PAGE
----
The lighthouses at Cape San Blas were more plagued by bad luck and bad decision making
than any of the lighthouses in Florida. The first light was built in 1847, and a hurricane
toppled it only four years later. An epidemic of yellow fever, a horrible disease spread
by mosquitoes, caused the rebuilding of the Cape San Blas lighthouse to take five years but was finally
finished in 1856. Several months later, another storm with a fourteen-foot tide destroyed
that lighthouse. A third one was soon built but just in time for the Confederates to
severely damage it and the keepers houses, when the Civil War began so it never was
lit until after the war in 1865. Now erosion was its enemy once again. By 1882, the
lighthouse stood in eight feet of water. With its foundation undermined, the brick
structure fell into the sea. For three years, a light was shown at the top of a
hundred-foot-high mast as a lighthouse substitute. Then the decision was made to install a
skeletal iron structure rather than another brick one. It was prefabricated in the North
and the ship carrying it sunk in shallow water when it was being delivered off the coast
of Sanibel Island near Fort Myers. The ironwork was salvaged and finally delivered to Cape
San Blas. There, in 1885, it was put in place nine hundred feet inland. Problem
solvednot exactly! Eleven years later, erosion ate up so much of the beach, the
ninety-eight-foot-tall lighthouse had to be disassembled and moved. That still wasnt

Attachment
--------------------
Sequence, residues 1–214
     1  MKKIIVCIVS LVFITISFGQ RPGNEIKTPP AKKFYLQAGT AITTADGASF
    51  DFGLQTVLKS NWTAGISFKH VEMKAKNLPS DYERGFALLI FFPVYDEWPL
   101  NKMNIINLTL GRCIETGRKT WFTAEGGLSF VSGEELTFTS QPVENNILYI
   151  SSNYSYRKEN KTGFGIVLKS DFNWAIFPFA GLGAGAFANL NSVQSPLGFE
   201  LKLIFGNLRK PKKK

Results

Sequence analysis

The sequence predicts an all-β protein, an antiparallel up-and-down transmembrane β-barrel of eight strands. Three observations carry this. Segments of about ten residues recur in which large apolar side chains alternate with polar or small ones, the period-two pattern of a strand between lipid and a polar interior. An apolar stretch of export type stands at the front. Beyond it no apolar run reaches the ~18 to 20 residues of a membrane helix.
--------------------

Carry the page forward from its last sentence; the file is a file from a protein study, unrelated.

enough, and in 1918, the lighthouse had to be moved again, this time a quarter of a mile
north of where it first stood and 1,850 feet inland.
Like most lighthouses, Cape San Blas was remote, and it took the keeper a full day to
travel to Apalachicola, just twenty-four miles away. This mule-and-wagon journey was made
only twice a year to pick up supplies, and it meant being away from the lighthouse for
three days: one days travel each way and one day to rest the mules. Today, the same
trip takes forty-five minutes each way by car.
One hundred and eleven years after the last lighthouse at Cape San Blas was lit, the
Coast Guard placed a hood over the third-order Clamshell Fresnel lens. Having weathered
numerous storms, the lighthouse has not been able to weather government cutbacks, which
have finally darkened the light.
I first visited Cape San Blas lighthouse when I was doing my Southern Shores book in 1989.
The keepers house was about two hundred feet from the high tide mark at that time.
When I visited again in July of 1997, the high tide mark was gnawing at the base of the
keepers house, and parts of it were beginning to crumble into the gulf.
Now (in 2001) the keepers houses have been moved back once again out of harms
way from the encroaching sea. Restoration, although not a historical ones, have
been made to the keepers houses.
The Coast Guard is not in the business of saving historical landmarks and considers
structures like these more of a liability than anything else so its up to a
historical society or other group to preserve the lighthouse as a beloved landmark.
Floridas lighthouses are some of the oldest structures still standing in our
country. The keepers of these lights were our early pioneers. Hopefully the light will be
turned back on to let history continue.
The Air Force is in charge of the land around the lighthouse and the two times I have
visited, there have been military people willing to show me around. Although there is a
fence around some of the property, you can easily view the lighthouse from just outside
the fence or on the beach which is open to everyone.
The Air Force is in charge of the land where the lighthouse sits and although there is
a fence around the property you can easily view the lighthouse from the beach and my two
experiences there lead me to believe that visitors although not encouraged to walk up to
the light are not chased away.